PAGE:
Wednesday, September 11, 2013

Forever. That's a Mighty Long Time.





I had a conversation with my universe sent friend Amy about being sober. About how long is OK. About if it's a day by day thing, one day at a time, or what about forever?

For me, forever works. I'll tell you why: there is never ever any choice about whether I drink again or not. I don't. Ever again. Not in two years, or on my tenth wedding anniversary, or when my eight year old son gets married one day. Never.

And maybe forever might work for you, too.

It's kind of like this: I don't ever ever have to decide if I'm going to drink again. When I woke up that morning nine months ago I decided, "If I ever drink again it will wreck my life. Welp, thank god we're done with that." And then it's hard some, and easy some. But there is never that chance to waffle around and second guess myself. There is never the maybe just one or two conversation, the I can handle it back and forth with myself, with my alcoholic self. That person has to be gone forever. Or I will shrivel up and die a slow sad death while hurting the people I love the most. No thanks.

I can't follow the one day at a time philosophy because that gives me too much leeway with something I don't need any freedom about. Obviously I can't be trusted to make good decisions when it comes to booze, so I have to never have a choice. Since, knowing me, there's a good chance I would make the wrong one. Over, and over, and over again. So forever is a relief for me. In that phew, it's out of my hands way that faith makes people feel. The pressure is off.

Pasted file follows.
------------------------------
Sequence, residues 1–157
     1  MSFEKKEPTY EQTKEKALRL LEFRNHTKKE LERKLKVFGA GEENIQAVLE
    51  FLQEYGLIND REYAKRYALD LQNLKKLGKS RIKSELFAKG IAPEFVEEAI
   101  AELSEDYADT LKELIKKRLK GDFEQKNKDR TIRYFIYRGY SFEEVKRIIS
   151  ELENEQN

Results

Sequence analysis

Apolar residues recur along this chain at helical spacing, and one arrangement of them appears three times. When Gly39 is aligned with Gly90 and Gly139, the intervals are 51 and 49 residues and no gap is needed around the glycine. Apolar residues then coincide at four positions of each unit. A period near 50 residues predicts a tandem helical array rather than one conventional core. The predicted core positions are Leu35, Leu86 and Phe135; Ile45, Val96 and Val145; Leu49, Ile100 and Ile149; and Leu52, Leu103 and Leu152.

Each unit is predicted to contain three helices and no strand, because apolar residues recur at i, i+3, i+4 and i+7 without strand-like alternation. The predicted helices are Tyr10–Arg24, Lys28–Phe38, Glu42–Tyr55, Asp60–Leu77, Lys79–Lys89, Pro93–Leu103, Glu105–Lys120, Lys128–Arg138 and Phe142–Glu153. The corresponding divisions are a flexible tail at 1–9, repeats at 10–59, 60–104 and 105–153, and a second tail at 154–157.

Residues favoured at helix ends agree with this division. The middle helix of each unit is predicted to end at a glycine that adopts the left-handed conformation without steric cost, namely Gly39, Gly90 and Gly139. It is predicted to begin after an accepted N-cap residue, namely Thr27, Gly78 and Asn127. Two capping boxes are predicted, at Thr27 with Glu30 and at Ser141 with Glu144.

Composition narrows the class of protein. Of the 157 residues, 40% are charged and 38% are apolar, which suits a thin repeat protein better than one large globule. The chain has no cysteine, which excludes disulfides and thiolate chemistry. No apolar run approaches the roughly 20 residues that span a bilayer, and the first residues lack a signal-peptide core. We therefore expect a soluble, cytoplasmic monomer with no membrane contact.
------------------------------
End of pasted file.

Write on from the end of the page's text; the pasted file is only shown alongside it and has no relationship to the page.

I've talked with people who can't say forever. That saying forever makes it too hard to quit. Saying to myself, "Well, I won't drink today, but I can tomorrow" makes me feel all wobbly and like I'm already headed to the wine store. Even if every day I say "Just today" it makes me feel like I'm not sure about tomorrow, which makes me nervous. Real nervous.

Forever makes me safe.

Forever is big. I've been sober for nine months now. Forever is much bigger than that. But these last nine months have been the best of my life. When I say "best" I don't mean easiest, or happiest, or I've been floating on a cloud of joyous rapture. I mean whoa dude, look. I have lived. I have been a real person in the world. I have cried hard and desperately, wrung my insides out. I have learned so much about myself: most surprisingly that I really do like me. A lot. I have loved with my learning to open heart, and smiled so big that I have to stretch out my arms and shake my butt a little, pump my fist in the air a little.

I will definitely take all of that forever. With a side of always for good measure.

So maybe forever might be OK for you, too. You could walk up and introduce yourself. You might have a lot in common with forever and you didn't even know it. Forever could be the back up you needed to make sobriety work. It could be totally OK to wrap yourself in the security blanket of never again. Forever makes me not doubt myself, which makes me trust myself. And that makes me stronger. And sober. Forever.




10 comments:

  1. It seems like the "one day at a time" thing is really ingrained in our world as the way to stay sober. But I like your approach. Most people don't talk about it that way. Of course the only way to get there is one day at a time. Our actions are one day at a time but what we know is that it is a commitment forever, that it must be, and that the door can never be open to anything else. Every time I learn about someone else's approach to sobriety that isn't "hi my name is ______, and I'm an alcoholic" it feels refreshing to me and like I want to join in. Love your posts.

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  2. I really can't wait till our lunch. We are so much alike.